Please Help Me Understand Saddle Fit

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Please Help Me Understand Saddle Fit

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    06-20-2009, 01:33 PM
Please Help Me Understand Saddle Fit

I am trying to understand what type of saddle I need to fit my horse. I haven't had any luck with trying saddles form saddle shops because there ain't hardly any around. Only like a feed store or two that doesn't have much to choose from. I really wanting to order one...but I am so confused about the bar types and what I need. Jeffers Equine catalog says: Semi QH bars are 6.5" gullet, the most common tree, for medium back, descent wither and often mixed blood horse. They say Regular QH bars 6.75" Often works for horses that are hard to fit, They are between semi and Full QH bars. Full QH bars...I won't even bother because I know I don't need full.
But it sounds like it works up from most narrow to most wide. Like semi would be the most narrow. Plus many barrel saddles are semi QH bars and I hear that my breed of horse it pretty popular among barrel racers, Thoroughbred/QH. But anyways, I sent these pics to a saddle shop online and the guys said that semi QH bars would slide side to side on this horse, and he recommeneded regular QH bars with a more narrow gullet like 6.5" regular QH bars. So now I'm just thoroughly confused. Why would semi bars not be the thing. Beacuse I think the saddle I have now (in the pic) is probably 6 3/4" gullet. And I need something much more narrow!
Here is a link to the pics of my horses back. It's in the other thread I started where I am getting info on getting her weight up.
Questions about nutrition and weight.
Also below is a pic of how my saddle I have now fits. Horrible Fit!!! I have to use two pads just to squeak by.
So I always thought narrow, tall, thinner withers, Semi QH bars. Slightly wider shorter more square shoulders, regular QH bars. Full QH bars for low withered very wide and blocky broad backed horses. Help...
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File Type: jpg saddle fit 050 (Medium).jpg (69.3 KB, 159 views)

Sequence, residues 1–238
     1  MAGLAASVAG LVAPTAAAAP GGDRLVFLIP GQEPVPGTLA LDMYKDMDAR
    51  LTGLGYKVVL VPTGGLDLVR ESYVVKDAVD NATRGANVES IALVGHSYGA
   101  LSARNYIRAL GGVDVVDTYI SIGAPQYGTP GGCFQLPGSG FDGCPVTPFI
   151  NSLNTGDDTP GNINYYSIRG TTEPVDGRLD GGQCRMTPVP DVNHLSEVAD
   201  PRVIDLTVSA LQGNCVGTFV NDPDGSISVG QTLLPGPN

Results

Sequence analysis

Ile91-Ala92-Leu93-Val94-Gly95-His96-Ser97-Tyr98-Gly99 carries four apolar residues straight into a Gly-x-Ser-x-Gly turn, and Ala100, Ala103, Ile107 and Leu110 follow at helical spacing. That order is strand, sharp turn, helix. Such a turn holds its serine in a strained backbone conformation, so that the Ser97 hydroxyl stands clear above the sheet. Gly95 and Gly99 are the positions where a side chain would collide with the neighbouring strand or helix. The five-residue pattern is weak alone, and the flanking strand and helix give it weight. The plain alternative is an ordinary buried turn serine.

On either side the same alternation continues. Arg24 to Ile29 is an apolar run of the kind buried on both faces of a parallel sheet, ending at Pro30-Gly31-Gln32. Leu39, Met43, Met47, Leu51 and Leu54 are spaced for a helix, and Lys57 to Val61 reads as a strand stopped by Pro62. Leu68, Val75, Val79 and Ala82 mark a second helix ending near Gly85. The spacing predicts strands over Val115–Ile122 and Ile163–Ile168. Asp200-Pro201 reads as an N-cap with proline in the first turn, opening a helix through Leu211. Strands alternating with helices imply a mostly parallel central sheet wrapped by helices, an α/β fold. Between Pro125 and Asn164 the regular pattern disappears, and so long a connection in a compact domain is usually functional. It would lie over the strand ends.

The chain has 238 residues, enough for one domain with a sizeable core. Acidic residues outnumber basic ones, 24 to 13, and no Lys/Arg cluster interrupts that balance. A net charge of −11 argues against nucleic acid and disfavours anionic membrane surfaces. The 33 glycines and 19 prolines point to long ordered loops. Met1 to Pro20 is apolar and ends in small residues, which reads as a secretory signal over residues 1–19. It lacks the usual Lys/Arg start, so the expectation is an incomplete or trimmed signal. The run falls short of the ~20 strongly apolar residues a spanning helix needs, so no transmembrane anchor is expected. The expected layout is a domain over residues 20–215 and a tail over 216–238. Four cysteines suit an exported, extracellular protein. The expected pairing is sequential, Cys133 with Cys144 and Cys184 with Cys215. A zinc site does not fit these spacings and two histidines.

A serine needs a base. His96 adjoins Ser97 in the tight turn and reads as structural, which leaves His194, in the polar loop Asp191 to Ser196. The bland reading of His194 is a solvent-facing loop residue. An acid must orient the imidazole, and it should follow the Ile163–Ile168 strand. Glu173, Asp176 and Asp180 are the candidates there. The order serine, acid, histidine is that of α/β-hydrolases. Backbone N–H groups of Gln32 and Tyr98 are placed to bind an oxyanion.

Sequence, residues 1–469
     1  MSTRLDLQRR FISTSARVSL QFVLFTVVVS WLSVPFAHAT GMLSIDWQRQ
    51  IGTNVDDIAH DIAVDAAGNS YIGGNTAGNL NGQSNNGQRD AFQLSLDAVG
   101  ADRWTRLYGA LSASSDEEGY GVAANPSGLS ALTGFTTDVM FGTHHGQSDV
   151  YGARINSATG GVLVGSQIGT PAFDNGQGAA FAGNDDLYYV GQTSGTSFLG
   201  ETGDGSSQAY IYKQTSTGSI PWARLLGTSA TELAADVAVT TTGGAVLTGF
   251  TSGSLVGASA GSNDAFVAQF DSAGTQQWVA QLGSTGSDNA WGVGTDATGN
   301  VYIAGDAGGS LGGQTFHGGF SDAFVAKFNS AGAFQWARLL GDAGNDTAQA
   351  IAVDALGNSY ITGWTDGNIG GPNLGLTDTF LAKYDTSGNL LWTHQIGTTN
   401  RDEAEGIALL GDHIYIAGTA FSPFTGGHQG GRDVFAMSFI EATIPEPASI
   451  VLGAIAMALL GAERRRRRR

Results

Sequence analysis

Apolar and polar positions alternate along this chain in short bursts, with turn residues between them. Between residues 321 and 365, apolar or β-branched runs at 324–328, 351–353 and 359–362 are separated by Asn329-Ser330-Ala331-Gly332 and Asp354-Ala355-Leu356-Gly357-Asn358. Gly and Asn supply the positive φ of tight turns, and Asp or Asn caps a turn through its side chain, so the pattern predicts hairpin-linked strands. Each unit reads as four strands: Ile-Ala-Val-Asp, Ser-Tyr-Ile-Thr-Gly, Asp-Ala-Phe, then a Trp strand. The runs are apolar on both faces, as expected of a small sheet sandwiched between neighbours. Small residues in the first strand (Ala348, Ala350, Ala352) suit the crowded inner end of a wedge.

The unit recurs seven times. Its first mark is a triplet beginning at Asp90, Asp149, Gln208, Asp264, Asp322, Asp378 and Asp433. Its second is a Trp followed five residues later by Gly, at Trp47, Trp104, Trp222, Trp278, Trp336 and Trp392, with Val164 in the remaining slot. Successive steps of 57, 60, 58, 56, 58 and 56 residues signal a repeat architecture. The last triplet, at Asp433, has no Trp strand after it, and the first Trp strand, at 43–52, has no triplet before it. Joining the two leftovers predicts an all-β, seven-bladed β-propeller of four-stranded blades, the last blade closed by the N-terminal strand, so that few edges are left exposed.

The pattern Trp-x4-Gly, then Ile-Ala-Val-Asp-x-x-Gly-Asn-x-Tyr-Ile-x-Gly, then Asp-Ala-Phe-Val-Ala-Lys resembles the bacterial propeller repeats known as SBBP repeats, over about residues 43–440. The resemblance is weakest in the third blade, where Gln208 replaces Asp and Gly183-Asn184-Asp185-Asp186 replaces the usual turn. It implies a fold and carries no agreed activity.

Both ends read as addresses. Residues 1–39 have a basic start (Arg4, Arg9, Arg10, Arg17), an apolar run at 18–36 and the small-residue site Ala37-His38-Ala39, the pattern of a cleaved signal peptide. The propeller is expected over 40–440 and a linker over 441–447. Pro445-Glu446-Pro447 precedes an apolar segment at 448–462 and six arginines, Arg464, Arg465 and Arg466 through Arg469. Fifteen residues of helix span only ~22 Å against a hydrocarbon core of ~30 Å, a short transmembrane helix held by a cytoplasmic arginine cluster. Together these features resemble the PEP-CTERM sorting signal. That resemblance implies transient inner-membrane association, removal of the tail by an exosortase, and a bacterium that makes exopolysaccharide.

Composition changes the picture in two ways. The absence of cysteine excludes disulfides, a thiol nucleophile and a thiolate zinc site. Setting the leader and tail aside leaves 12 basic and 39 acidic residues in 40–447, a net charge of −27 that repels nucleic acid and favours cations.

File Type: jpg saddle fit 044 (Medium).jpg (66.3 KB, 165 views)
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    06-20-2009, 03:51 PM
There is a web site I just love that has an excellent explanation of saddle fitting
I do believe that saddle looks to big for your horse. You should be able to see light all the way down the spine and have I believe 4 fingers width between the wither and the bottom of the pommel. Otherwise the saddle is basically sitting right on the horses spine which is a big no-no.

Here is the site I hope you can gain some knowledge from it. I know I have.

How to position the saddle on your horse: Proper Placement

Here is the main index. There is one for tree sizes explained

The best online tools, articles, and links about Western Saddle Fitting for horse and rider.
    06-20-2009, 04:22 PM
Nice link, Vidaloco


The Saddle you show, I would say is a FQH 7" Gullet, could be RQH 6.75" but definitely way too wide, the angle of the bars is wrong too.

These are averages from the more popular tree makers

Semi-QH 6.5" Gullet 88 degree bar angles
Reg-QH 6.75" Gullet 91 degree bar angles
Full-QH 7" Gullet 93 degree bar angles

As you can see it is not just the width, but more important the angle of the bars, ie wrong angle, binding or pinching.

Whether or not the saddle you have now is RGH or FGH, because of the pics and breed mix, 90% of the time I would say a Semi-QH would be the place to start.

    06-20-2009, 04:32 PM
Green Broke
Before you can understand fit, you need to understand placement. You have the saddle too far forward over your horse's shoulders. You can get away with that if the saddle has a lot of "flare" to the front of the tree. Most newer saddles (made in the last 20 years) do not have a lot of flare. Because of that, you need to put the saddle back so that those front conchos are about 1-2" BEHIND the back EDGE of the horse's shoulder blade. This allows the horse to have freedom of movement in the shoulders and prevent saddle sores.

If your horse has hollows behind the withers and most saddles "fall down" in to those pockets, then you need to get a saddle pad that will fill in for those hollows. Pro Choice makes one with extra padding there, or a built up roper pad, or something like a Skito Correction pad (used over a thin blanket or felt pad).

Okay, so once you have placement figured out, you can look at fit. First, the saddle needs to be the right length. Once you have it placed on your horse properly, look at where the back of the saddle sits. The skirts should not be over the hips, or close to the hips. The back concho should be BEFORE the front edge of the horse's flank. If you feel around on the top of your horse's ribs, it should be about 1-2" before the last edge of the ribs.

So the saddle tree should be 1-2" behind the shoulder and 1-2" before the edge of the last rib. It can be shorter than that, but it should be no longer.